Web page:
When comparing the vampires in Anne Rice's Interview with the Vampire with those we have encountered before, the concept of the monster becomes somewhat clouded. Most the vampires we have encountered, Dracula, those in I Am Legend, and Ruthven, we see a group with a savage nature. They are content with the cycle of vampirism (find a human, befriend them, and feed on them). Furthermore, their feeding is seen as a necessity of vampirism. Lestat of Interview with the Vampire seems to follow this archetype. He is completely alright with feeding on the slaves of Louis' plantation. "They were the suspicious ones; and, as I've indicated, Lestat killed anyone and everyone he chose" (49). Although this is true, Louis is much less comfortable to feed on the species he once was; human.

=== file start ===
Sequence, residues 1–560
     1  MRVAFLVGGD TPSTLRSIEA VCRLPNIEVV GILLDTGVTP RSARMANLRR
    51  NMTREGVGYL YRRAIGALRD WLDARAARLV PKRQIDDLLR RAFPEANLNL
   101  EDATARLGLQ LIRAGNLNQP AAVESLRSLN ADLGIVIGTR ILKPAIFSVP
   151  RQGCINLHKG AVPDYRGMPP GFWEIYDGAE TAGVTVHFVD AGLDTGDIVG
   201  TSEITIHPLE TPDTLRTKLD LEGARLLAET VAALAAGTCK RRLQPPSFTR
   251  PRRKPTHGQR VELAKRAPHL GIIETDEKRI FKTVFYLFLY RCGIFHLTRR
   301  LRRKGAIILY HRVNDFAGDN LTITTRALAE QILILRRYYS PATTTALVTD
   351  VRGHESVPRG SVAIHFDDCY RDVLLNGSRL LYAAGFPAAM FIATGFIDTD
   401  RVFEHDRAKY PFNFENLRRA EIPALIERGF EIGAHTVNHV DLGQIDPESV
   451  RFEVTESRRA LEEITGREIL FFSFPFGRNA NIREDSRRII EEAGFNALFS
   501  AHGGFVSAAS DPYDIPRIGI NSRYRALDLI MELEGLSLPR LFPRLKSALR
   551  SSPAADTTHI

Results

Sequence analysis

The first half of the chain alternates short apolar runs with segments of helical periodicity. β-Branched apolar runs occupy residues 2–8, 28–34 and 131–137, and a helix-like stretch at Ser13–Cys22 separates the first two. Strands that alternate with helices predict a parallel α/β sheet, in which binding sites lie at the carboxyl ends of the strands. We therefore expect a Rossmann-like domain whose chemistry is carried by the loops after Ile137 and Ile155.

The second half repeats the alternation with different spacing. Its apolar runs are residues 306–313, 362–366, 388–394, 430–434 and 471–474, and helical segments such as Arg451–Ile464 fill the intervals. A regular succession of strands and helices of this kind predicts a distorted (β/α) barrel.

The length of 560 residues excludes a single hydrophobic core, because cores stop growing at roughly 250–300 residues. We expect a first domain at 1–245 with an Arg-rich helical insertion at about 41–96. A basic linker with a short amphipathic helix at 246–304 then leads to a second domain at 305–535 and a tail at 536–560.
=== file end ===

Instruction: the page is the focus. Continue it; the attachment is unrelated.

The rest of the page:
Here is where the concept of the monster becomes a bit clouded. Louis, unlike any other vampire we have encountered, seems to have a conscious in terms of his feeding habits. He is unable to bring himself to feed on humans at first. As a result, Louis instead chooses to sustain his vampirism with animal blood. "Lestat for slaves and chicken thieves and me for animals" (42). Even when Louis is pressed to kill Lestat's father, something that he must do for his new friend, Louis laments the task. "No I said. You forgive him or you kill your own father" (56). Louis seems to hold on to the characteristics that are completely human much more than any other vampire we have encountered. He has compassion, a conscious, and the ability to separate right from wrong. As a result, he is a new breed of vampire, unlike the others we have read about. I am curious to see if Louis' character becomes like the others or retains this element of humanity.